The day after he was detained, prosecutors announced graft probes into unnamed individuals and banned corruption suspects from leaving the country.

Algerian media has reported around a dozen businessmen are under investigation, all with ties to Bouteflika’s entourage.


Air raids kill 12 civilians in militant-held Syrian town: monitor

Updated 22 May 2019
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Air raids kill 12 civilians in militant-held Syrian town: monitor

  • The militant-dominated Idlib region is nominally protected by a buffer zone deal
  • The Observatory said they have no proof of the chemical attacks

BEIRUT: Air strikes by Damascus or its ally Moscow killed 12 civilians in a market in Syria’s Idlib province, a monitor said Wednesday, and denied allegations that the government used chemical weapons.

Another 18 people were wounded when the warplanes hit the militant-held town of Maarat Al-Numan around midnight on Tuesday, the Britain-based Syrian Observatory for Human Rights said.
The market was crowded with people out and about after breaking the daytime fast observed by Muslims during the holy month of Ramadan.

The Observatory said it had no evidence to suggest the Syrian army had carried out a new chemical attack despite Washington’s announcement it had suspicions.

“We have no proof at all of the attack,” Rami Abdul Rahman, head of the Syrian Observatory for Human Rights, told AFP.

“We have not documented any chemical attack in the mountains of Latakia,” he said.
The air strikes in Idlib came as heavy clashes raged in the north of neighboring Hama province after the militants launched a counterattack on Tuesday against pro-government forces in the town of Kafr Nabuda.
Fresh fighting on Wednesday took the death toll to 52 — 29 troops and militia and 23 militants, the Observatory said.
It said that the militants had retaken most of the town from government forces who recaptured it on May 8.
The militant-dominated Idlib region is nominally protected by a buffer zone deal, but the regime and its Russian ally have escalated their bombardment of it in recent weeks, seizing several towns on its southern flank.
A militant alliance led by Syria’s former Al-Qaeda affiliate, Hayat Tahrir Al-Sham, controls a large part of Idlib province as well as adjacent slivers of Aleppo, Hama and Latakia provinces.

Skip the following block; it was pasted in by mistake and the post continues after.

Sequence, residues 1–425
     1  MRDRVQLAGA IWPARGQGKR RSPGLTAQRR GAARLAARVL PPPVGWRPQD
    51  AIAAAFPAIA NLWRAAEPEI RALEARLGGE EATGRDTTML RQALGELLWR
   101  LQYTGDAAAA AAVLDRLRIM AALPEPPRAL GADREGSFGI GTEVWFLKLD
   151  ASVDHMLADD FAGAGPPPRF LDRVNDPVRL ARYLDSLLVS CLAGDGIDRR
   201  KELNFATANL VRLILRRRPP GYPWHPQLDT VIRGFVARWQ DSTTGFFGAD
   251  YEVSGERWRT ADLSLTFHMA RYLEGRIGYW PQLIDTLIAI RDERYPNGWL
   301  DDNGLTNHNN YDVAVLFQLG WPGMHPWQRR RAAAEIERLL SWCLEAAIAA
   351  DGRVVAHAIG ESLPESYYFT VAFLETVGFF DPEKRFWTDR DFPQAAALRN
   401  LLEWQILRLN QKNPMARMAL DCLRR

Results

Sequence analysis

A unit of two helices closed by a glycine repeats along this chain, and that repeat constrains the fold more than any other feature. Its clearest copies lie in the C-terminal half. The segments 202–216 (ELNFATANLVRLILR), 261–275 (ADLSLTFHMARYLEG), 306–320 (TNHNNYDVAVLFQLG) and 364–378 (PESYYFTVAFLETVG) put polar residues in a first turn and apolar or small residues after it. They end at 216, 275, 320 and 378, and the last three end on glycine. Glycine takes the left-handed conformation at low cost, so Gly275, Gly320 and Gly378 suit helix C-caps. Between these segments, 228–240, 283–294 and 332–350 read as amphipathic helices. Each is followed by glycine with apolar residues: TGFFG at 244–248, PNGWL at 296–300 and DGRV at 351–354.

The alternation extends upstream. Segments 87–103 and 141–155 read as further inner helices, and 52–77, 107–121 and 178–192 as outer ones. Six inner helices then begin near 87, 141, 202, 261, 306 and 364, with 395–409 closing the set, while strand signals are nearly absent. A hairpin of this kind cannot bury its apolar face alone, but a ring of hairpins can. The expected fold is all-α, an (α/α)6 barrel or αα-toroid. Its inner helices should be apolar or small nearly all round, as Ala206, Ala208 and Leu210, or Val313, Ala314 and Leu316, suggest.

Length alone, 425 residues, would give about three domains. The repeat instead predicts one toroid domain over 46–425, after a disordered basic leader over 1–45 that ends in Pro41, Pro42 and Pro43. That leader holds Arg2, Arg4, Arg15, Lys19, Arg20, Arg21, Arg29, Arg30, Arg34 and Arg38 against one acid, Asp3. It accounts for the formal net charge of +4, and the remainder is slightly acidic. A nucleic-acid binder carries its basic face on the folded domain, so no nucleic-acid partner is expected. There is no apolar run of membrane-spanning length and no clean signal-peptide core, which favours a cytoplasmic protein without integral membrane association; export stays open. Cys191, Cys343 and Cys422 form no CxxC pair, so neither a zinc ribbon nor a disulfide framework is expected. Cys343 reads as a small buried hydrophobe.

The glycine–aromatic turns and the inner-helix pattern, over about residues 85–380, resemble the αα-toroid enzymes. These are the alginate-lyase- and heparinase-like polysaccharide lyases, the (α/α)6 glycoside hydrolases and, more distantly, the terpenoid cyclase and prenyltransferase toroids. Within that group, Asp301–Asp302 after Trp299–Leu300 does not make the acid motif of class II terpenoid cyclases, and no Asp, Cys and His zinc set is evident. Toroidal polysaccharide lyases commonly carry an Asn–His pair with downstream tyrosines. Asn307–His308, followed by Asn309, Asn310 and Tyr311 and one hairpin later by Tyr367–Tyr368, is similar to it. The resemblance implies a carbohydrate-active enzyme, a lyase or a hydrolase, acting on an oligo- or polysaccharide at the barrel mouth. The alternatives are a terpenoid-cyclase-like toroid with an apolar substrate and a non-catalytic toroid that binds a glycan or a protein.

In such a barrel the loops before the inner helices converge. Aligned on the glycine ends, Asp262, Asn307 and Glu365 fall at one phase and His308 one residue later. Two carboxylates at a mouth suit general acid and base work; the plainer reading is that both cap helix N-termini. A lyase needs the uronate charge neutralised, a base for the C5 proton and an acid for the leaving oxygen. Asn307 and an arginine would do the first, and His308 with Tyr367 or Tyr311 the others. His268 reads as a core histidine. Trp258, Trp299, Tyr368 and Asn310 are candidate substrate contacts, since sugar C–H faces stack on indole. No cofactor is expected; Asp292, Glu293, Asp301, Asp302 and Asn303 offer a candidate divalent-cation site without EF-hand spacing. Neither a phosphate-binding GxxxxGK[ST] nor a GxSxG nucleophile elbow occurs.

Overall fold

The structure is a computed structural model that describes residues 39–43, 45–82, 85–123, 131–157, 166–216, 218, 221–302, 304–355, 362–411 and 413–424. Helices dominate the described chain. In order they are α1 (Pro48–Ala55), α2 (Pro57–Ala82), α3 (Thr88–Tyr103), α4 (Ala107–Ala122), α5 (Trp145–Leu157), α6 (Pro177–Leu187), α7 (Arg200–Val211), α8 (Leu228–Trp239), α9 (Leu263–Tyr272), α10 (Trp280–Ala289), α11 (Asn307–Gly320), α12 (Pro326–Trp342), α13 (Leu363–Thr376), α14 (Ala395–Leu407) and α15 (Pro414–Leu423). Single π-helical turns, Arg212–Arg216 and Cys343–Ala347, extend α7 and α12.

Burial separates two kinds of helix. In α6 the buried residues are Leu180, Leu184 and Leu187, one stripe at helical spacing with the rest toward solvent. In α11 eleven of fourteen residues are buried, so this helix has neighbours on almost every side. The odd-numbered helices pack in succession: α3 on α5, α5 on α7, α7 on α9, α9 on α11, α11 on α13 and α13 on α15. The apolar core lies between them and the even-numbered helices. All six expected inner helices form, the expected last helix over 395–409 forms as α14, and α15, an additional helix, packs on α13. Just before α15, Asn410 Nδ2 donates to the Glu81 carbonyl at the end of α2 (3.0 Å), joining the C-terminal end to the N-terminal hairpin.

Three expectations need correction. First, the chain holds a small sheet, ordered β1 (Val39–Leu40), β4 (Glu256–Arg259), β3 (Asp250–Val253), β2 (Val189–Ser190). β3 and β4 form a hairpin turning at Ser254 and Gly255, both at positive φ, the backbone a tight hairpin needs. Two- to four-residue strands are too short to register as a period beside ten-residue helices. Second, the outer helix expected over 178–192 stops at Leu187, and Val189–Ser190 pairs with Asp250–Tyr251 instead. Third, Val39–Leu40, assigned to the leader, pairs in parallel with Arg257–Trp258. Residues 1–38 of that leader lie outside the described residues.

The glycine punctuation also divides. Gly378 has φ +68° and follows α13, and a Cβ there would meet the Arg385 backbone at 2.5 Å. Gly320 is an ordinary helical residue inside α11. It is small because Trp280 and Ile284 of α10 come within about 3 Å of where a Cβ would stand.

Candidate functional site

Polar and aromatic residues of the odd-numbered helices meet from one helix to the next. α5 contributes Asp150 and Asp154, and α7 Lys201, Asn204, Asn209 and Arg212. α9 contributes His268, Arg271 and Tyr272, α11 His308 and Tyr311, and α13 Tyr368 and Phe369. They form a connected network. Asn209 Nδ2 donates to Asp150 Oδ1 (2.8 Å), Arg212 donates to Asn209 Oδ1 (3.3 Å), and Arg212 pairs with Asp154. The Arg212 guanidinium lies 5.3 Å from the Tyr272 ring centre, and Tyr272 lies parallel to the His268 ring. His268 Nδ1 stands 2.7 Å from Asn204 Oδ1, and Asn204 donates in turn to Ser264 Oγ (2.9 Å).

The northern mountains are the only part of Latakia province, on Syria’s Mediterranean coast, that are not firmly in the hands of the government.

The Hayat Tahrir Al-Sham accused government forces on Sunday of launching a chlorine gas attack on its fighters in the north of Latakia province.

The Syrian army dismissed the reports as a fabrication, a military source told the pro-government Al-Watan newspaper.

But the US State Department said on Tuesday it was assessing indications that the government of president Bashar Assad used chemical weapons on Sunday.

“There were no civilians in the area,” Abdel Rahman said.

White Helmets rescue volunteers, who have reported past chemical attacks in rebel-held areas of Syria, told AFP Wednesday that they had no information on the purported gas attack.

International inspectors say Assad’s forces have carried out a series of chemical attacks during the Syrian civil war, which has killed more than 370,000 people and displaced millions since it started in 2011.
Russia and rebel ally Turkey inked the buffer zone deal in September to avert a government offensive on the region which threatened humanitarian disaster for its three million residents.
President Bashar Assad’s government has renewed its bombardment of the region since HTS took control in January.
Russia too has stepped up its air strikes in recent weeks as Turkey proved unable to secure implementation of the truce deal by the militants.
The Observatory says more than 180 civilians have been killed in the flare-up since April 30, and the United Nations has said tens of thousands have fled their homes.